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WHORLED

Every two weeks, the final living speaker of a world language passes away.

Dear speaker in a future age,
when only a handful of tongues remain
I write this to you as a song,
even as I know it won’t do

Even as I know the words I speak are devastation
I don’t expect you to understand
But I want you to know
there is another language in which I dream

Sometimes I think it’s Korean
Other nights my dead halmoni sewing a broken room
Or my neighbors, a family of Ojibwas,
welding their minivan, cinder blocks teetering

Summer evenings the Hmong girl and boy echo hide
and seek with cousins down the street
Or, this spring, Juan, the Mexican kid next door,
suddenly fourteen, shuffling steps on the corner,

baggies stuffed in his shorts, truant every afternoon
I see him some days through my window, rapping in a back alley
alone in broken English to his iPod
As I’ve seen him since he was ten, youngest of four undocumented

brothers in a boarding room basement I watch
through their window well like an evening TV show whose writers are all
angry drunks
And I wonder what will happen to this slightly dumpy boy’s

heart, out of sync with his tongue—the only two muscles
to move with wings through this world
A shiny black SUV pulls up each Friday,
he climbs in, and I wonder

if I did the right thing three years back by urging my other
neighbor, an old white woman,
not to call the cops on him
Dear speaker in a future age,

when only a handful of lexical bouquets
remain to light these monstrous highways
I write this to you as a human
piece of coal

Origin of orange
Shelved away in some petrified repository
Even as I know it’s too late for you to bind and open me
Even as I know yet another world language will go extinct this week,

forever gone, like Atlantis or Montezuma’s Kingdom: Sumerian,
Gothic, Goguryo, Tasmanian, Scots Gaelic, Mohawk, Iroquois—
like a global hurricane of power and indifference, veering
toward Flemish and Basque, Ainu, Anishinabe and, yes, one

day, if turnabout is fair play, maybe even this language I tease
each night for inconsistencies to house me
I wish I could tattoo its prayer to my palm,
even as I know it’s way too long,

longer than my body, my whole life—this eviscerated
pink and black spilling
through the forest of my sleep
Though yesterday just another passionate Somali debate

awakening me on the 21A
A mismatched couple whispering
over borscht and piroshki at Kramarczuk’s on Hennepin
Once some Greek harangue over the baklava’s freshness at Bill’s Imported

Ah yeah, and the pho tai every Sunday I supersize
whose bony broth brings tears to my eyes in Frogtown
And sometimes I know I’m just another ghost
passing through this century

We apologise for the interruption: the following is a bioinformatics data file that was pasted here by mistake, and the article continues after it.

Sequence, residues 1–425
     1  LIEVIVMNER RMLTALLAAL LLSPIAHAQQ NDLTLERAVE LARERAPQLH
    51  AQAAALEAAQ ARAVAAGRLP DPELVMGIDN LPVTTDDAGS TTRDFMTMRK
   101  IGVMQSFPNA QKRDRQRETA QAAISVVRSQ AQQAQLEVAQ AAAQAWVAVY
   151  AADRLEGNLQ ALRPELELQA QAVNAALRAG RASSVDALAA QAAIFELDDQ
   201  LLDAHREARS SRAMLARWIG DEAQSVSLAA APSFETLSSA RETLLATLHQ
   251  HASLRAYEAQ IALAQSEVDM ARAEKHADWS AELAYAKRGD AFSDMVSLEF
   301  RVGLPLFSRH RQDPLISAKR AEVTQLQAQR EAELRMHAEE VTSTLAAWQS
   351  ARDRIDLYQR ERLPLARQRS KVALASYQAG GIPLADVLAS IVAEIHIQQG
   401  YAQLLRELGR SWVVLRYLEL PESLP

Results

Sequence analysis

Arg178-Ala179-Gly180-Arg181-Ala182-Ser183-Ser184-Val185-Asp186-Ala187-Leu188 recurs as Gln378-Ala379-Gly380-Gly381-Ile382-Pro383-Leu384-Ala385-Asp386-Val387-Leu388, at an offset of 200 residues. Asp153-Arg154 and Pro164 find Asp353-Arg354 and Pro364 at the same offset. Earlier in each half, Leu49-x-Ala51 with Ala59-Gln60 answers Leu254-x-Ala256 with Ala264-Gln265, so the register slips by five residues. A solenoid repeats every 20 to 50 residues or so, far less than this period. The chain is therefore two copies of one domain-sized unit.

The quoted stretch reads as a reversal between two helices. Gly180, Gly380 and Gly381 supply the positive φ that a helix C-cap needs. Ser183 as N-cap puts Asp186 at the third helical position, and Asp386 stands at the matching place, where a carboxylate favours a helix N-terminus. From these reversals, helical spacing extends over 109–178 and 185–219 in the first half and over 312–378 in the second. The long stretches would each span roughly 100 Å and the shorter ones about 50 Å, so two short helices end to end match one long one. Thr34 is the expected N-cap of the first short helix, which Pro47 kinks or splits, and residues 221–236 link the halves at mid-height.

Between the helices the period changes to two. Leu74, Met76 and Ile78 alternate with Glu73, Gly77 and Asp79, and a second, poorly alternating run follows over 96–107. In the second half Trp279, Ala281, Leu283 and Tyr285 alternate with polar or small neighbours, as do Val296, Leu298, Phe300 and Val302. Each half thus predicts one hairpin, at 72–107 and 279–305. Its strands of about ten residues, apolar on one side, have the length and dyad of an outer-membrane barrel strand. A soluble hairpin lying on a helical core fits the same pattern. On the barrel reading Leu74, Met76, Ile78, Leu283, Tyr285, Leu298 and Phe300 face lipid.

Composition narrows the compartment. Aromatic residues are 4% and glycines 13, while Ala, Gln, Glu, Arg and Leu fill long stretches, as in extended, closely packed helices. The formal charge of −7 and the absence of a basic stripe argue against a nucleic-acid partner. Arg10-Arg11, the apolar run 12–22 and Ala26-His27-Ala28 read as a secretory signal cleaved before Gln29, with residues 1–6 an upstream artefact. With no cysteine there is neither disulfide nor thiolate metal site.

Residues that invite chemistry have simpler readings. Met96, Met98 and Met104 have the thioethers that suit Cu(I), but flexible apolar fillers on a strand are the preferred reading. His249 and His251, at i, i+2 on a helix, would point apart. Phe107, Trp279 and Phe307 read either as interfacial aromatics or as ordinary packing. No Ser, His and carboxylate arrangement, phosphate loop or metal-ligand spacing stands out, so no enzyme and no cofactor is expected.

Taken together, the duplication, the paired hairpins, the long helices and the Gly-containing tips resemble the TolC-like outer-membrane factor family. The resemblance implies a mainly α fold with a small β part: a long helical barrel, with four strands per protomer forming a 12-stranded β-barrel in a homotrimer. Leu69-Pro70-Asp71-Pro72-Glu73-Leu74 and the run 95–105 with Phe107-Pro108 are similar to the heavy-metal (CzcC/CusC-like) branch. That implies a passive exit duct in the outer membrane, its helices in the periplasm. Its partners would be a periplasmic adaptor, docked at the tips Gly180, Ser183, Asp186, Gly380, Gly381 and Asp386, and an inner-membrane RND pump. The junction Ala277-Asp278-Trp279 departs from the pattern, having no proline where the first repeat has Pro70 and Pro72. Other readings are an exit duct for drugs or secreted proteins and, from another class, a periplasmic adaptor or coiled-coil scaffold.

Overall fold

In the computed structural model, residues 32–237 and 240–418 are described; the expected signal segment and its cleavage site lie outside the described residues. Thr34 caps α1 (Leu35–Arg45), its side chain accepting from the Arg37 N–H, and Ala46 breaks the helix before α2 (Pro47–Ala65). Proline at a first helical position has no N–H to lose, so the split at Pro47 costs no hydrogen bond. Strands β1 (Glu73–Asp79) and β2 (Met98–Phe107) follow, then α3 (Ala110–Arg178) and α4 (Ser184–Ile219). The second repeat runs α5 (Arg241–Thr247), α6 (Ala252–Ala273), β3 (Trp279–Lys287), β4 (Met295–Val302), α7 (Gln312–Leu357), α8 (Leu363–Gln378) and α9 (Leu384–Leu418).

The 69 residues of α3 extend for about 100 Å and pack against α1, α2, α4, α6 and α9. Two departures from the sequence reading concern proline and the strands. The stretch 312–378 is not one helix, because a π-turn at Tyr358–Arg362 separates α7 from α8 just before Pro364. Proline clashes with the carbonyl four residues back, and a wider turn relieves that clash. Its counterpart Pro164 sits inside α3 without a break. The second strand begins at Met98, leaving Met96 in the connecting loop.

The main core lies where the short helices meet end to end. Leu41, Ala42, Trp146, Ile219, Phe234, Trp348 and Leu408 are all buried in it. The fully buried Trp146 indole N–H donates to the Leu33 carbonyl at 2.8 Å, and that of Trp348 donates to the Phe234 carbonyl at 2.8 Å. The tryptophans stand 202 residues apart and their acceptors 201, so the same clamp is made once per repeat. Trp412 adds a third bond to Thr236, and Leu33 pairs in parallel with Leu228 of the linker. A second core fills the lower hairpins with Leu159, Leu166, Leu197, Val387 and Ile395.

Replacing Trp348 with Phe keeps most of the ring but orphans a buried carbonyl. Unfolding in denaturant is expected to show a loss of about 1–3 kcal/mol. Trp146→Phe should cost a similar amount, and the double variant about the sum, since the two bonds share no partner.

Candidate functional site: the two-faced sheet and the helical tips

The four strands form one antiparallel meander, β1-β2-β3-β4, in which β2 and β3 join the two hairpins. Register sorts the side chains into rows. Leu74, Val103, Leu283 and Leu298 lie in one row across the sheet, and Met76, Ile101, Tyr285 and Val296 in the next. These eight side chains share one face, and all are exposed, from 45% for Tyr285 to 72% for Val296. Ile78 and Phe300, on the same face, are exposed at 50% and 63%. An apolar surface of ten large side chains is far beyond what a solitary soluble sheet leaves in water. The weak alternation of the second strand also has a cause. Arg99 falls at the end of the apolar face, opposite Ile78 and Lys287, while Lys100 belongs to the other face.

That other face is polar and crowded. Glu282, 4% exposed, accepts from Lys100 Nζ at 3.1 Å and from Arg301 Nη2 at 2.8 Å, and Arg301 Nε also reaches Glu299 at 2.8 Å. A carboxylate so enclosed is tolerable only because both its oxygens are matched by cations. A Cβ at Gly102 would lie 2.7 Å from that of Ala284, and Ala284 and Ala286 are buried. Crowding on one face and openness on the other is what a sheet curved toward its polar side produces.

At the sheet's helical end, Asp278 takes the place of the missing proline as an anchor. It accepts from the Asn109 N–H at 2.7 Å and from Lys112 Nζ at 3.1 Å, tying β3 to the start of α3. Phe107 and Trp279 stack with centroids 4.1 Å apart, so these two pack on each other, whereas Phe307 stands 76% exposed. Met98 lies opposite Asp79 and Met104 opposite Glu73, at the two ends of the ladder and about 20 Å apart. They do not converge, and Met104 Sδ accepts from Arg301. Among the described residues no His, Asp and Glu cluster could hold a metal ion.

One of a long line of hungry souls before me
Each a spiritual refugee
Dear father who art in heaven,
who fled your homeland, war-torn, in flames,

I relinquish you from the preterit
Spiritual RNA erased by missionaries and sun-glassed generals
handing out candy, cigarettes, crosses, and European names
Dear Future, I’m writing you from an imperfect

case, in a secret code I’ve had to reinvent myself with
Associations and inflections
Rawest of imaginations
A Disciple of Time in a bulky patois adrift

Migrant with no motor, canvas, or oars
Only these few city stars—faulty neon thresholds
In truth, only two:
Dear Time, how I envy the cleanliness of your hands

Dear Love, why do I need your shadow so deeply inside mine?
I don’t know where any of us is going,
but I’m sure on the other side of the world, there is a language I have never heard
It is beautiful, and in this dying tongue, there are words for Love and God

that resemble Bread and Wing
Or another forest language in which Mother and Knife
equal Drawer and Sing
And Island Wood is somewhere Desert Milk

And Berry, elsewhere is a Door
And if you added up all these dying words, and the people who speak them
All their memories, histories, and lessons
All their gods, jokes, rituals, and recipes

If you learned and stirred them, over and again, until
each utterance became a star, a new footprint, the marrow of a poem—
And yet, what do we say?
Not: I am an incomplete dictionary

But: Go back to where you come from
And yet, in the canopy of listening, what rasps
in these voices is not hate, or even fear,
but grief

These groaning doors and shrinking portals to history
Dear speaker in a future age, when not six-thousand or three-thousand or even a dozen—
But only one origin of the world remains
I write this to you as an elegy

In the beginning, there was a word, but it got lonely
So it prayed for brothers, sisters, neighbors, and yes, love
was born, but along with it came shame, passion, greed, benevolence,
and need

And soon some of the words became flowers and trees
And others animals, and eventually some were human beings:
Queens and Workers,
Kings and

Thieves

 

“Whorled” is reprinted by permission from Whorled (Coffee House Press, 2011). Copyright © 2011 by Ed Bok Lee.

Sueyeun Juliette Lee is a writer, editor, critic, scholar, professor, and rabbit wrangler based in Pittsburgh, PA. She has written four books: Underground National, Mental Commitment Robots, Perfect Villagers and That Gorgeous Feeling. She currently teaches poetry classes at the University of Pittsburgh and is finishing her dissertation on Asian American poetry and visual art. ED BOK LEE was raised in South Korea, North Dakota, and Minnesota. A former bartender, P.E. instructor, journalist, and translator, he studied in the U.S., South Korea, Kazakhstan, and Russia, earning an MFA from Brown University. He is the author of the poetry collection Whorled, which won the 2012 American Book Award and the 2012 Minnesota Book Award in Poetry. His first book, Real Karaoke People, won the 2006 PEN/Open Book Award and the 2006 Asian American Literary Award.

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